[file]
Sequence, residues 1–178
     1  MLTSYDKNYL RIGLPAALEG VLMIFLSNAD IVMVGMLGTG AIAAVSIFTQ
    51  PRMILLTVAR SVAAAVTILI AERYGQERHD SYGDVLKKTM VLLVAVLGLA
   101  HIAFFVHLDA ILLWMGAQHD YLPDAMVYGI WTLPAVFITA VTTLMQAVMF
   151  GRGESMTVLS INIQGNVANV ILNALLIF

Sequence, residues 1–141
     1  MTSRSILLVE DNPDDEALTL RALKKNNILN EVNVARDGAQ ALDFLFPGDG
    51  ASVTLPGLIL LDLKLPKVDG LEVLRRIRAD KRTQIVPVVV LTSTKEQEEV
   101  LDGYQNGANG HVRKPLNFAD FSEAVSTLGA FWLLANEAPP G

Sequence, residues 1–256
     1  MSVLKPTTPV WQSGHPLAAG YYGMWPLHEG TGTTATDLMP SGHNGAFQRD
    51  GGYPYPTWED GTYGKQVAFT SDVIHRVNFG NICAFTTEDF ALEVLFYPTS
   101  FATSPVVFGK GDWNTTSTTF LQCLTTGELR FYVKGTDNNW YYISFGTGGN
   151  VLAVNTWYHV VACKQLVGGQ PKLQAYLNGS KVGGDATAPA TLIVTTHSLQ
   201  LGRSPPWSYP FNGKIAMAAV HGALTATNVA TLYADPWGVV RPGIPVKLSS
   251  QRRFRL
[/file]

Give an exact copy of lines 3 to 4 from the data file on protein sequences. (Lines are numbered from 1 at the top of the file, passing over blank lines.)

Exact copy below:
    51  PRMILLTVAR SVAAAVTILI AERYGQERHD SYGDVLKKTM VLLVAVLGLA
   101  HIAFFVHLDA ILLWMGAQHD YLPDAMVYGI WTLPAVFITA VTTLMQAVMF